So with a bit of luck we'll have a chicken coop before Christmas. 

Don't forget to send me your fallen branch Christmas tree pictures if you haven't already.  I've had a couple of terrific photos sent to me which I'm looking forward to posting next week.

Thursday, December 9, 2010

Impatience is no Virtue

Garlic - not ready yet
I couldn't wait any longer.  The garlic looked like it must be ready.  The leaves had all flattened to the ground and they were yellowy brown... ish.   Surely those garlic would wither and die if I didn't get them out of the dirt right now.   I had checked one a week or so ago and it was small and the cloves not quite formed but I was kind of pushing this information to the back of my memory and imagining a startling, dramatic growth spurt.
Hmmm.  Small.  Not ready.
And I thought I'd planted much more than that.
I'll try again next year.  I need to plant more and I need to plant them in a sunnier spot and I need to be patient.

The garlic may be slow growing but the chicks aren't.  They have doubled in size and already seem to be entering their teenage years and getting a bit ugly.  Today their brooder box was upgraded to the kids old shell swimming pool with a bit of gutter guard around the top so they don't jump out.  They have lost some of their fluff and now have wing feathers.  When we put our hands in they come up and stand on them.  I was secretly hoping that I would be their mother hen and that they would love me best, but when Monkey Man put his hand in the other day four of them hopped up.  I tell him it's just because he has bigger hands and the chicks are too busy pecking at my freckles to want to all stand on me - but I'm a bit miffed not to be top chick. 

Fallen Branch Chrissie Tree Photos
I have so far had ONE response to my request for photos of your fallen or pruned branch Christmas tree and that was from my mother!  Ali from Mud Pie has promised me one and I have promised not to laugh at her attempt. And Greenfumb, Hazel, EcoMILF, Phoebe either have done or have seen these sorts of trees around.  But I have no evidence!  Now there is no deadline - some time before Christmas will do.  Although, I think we'll all get bored reading my repeated requests for photos by then.  So I am now extending the request.  It doesn't have to be your Christmas tree.  It could be a friend, relative or neighbours.  Come on now internet friends - help me out. Send me a photo. My movement is losing momentum before it's even started.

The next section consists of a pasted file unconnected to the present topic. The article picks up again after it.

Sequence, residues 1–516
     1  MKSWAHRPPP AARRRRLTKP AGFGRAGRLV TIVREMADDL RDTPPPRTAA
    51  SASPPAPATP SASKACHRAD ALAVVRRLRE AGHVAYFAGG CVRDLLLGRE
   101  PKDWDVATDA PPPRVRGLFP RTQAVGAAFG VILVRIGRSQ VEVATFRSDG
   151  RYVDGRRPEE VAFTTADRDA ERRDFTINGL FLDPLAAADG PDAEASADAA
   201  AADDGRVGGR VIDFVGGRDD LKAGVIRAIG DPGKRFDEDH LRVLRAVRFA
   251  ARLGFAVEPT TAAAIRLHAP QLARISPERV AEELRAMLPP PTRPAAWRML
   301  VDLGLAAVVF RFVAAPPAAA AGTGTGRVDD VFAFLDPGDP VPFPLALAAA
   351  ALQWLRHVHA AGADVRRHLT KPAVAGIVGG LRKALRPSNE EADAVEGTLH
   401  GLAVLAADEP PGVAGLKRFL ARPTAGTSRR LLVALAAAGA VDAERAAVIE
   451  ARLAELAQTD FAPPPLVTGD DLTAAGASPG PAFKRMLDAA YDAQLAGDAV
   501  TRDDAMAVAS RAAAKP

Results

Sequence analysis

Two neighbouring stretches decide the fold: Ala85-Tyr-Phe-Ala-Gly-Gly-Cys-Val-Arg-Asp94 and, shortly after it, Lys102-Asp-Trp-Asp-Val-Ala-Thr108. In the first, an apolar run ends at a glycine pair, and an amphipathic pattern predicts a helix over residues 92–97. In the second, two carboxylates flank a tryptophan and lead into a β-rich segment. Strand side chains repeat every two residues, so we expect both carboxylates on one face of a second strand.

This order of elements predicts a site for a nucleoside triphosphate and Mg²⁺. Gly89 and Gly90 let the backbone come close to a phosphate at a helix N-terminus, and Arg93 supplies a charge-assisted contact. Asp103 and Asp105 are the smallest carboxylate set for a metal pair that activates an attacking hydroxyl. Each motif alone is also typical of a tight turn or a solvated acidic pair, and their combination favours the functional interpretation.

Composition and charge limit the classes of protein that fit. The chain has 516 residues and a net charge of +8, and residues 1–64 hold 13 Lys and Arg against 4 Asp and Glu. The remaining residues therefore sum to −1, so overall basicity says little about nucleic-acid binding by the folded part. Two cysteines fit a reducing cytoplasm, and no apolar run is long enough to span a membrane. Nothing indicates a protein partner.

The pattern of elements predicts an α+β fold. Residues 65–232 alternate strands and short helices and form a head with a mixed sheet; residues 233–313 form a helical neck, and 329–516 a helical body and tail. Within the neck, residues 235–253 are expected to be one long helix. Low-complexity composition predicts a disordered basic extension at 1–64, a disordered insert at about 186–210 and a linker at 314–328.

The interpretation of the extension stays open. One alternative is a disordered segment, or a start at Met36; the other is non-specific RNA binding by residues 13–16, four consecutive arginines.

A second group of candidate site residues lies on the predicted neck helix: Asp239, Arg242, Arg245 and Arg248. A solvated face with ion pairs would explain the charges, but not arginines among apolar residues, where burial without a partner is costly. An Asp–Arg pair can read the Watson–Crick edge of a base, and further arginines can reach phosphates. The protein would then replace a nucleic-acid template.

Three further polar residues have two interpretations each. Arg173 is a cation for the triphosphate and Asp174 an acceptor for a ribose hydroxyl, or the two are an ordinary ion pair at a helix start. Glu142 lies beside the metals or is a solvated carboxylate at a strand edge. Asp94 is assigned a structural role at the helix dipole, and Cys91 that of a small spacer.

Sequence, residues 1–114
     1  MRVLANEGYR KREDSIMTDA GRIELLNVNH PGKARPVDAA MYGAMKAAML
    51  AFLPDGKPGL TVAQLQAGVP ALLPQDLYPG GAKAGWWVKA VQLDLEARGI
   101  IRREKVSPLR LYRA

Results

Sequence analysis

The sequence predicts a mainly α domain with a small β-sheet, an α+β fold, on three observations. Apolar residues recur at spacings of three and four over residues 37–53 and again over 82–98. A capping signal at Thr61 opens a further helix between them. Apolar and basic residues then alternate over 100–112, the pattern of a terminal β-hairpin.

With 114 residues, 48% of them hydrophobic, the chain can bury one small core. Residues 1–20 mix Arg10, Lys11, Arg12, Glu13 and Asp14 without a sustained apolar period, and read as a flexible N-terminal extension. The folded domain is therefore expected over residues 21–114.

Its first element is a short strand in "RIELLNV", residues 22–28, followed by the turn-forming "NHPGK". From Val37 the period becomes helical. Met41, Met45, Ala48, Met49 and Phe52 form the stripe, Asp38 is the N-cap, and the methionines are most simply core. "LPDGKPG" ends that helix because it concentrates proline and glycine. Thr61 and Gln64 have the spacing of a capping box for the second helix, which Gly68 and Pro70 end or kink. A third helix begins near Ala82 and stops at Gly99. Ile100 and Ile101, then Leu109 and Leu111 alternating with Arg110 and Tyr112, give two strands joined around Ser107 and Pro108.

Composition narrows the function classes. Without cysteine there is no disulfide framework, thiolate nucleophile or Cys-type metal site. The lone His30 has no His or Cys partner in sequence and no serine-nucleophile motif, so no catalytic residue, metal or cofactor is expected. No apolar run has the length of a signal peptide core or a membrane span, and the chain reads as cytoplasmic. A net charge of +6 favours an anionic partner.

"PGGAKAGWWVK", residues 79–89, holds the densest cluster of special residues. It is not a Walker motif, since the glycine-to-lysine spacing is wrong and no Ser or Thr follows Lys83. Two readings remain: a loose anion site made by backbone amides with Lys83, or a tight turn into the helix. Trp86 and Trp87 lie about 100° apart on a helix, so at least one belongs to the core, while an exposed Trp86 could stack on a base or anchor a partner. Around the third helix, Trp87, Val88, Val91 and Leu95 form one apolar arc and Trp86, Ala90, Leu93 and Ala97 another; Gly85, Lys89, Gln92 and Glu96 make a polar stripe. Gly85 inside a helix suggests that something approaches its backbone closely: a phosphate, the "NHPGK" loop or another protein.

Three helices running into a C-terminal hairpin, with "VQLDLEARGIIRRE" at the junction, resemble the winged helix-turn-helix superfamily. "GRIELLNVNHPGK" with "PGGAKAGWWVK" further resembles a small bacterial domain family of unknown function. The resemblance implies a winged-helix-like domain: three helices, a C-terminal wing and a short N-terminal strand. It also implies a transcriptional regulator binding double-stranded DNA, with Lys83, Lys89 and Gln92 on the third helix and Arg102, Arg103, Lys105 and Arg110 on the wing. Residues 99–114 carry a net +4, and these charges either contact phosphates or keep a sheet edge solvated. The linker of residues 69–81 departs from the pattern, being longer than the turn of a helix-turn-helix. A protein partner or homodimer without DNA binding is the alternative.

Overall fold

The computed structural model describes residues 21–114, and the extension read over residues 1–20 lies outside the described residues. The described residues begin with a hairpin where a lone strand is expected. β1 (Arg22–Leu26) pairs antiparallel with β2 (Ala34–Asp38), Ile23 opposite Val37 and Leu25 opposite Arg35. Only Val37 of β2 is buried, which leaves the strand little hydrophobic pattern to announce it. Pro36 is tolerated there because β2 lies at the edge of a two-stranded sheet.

Monday, December 6, 2010

The Fallen Branch Christmas Tree

Littlest Monkey decorating last year's fallen branch Christmas tree.
For the past fifteen or so years I've been using fallen or pruned branches as Christmas trees and I reckon they look great.  I was first inspired by my cousin Kath who one year had draped a branch with lights around her mantlepiece and I've taken her lead ever since.  But I've never seen anyone else do it.  Why not?

I was inspired to write this piece after reading a post from a blog I like
There is a debate about whether real trees or artificial trees are better for the environment.  I did a little research and according to wikipedia it takes at least 20 years of re-using for an artificial tree to leave an environmental footprint as low as a real tree.  Real Christmas trees can be mulched but you only have to take a drive around the neighbourhood in January to see that lots of them aren't.  In my local municipality only 15% have a green waste bin and I'm not sure there'd be too many others doing their own mulching and chopping.  So my guess is lots of these trees are ending up as landfill.  And I wonder about the distances real trees travel to end up in our homes?   Of course, those potted Christmas trees that are brought in and decorated each year can't be bad but they've never really appealed to me.

Wikipedia artificial Christmas Tree
Unlike most of my friends and acquaintances I LOVE Christmas - especially since having kids.  I loathe the shopping centres of course (I loathe them at the best of times but at Christmas eeek) but I do love lots of the other little rituals and excitements of Christmas.  And the hunt for the tree and decorating it with the family is fun.  For the last two years finding the branch has been easy - our Silver Princess gum needed a prune.  Actually last year the whole tree blew down in a storm so we had a fantastic tree.  The white trunk on the Silver Princess looked beautiful. Fortunately, the tree sprouted from the roots again and it is growing back.  But it's not big enough to use a branch this year.  And after last year's beauty this year the branch from the maculata doesn't quite measure up.  We haven't gotten round to decorating it yet but I'm sure it'll look better than this one from the wikipedia site don't you think?!
Monkey Family Fallen Branch Christmas Tree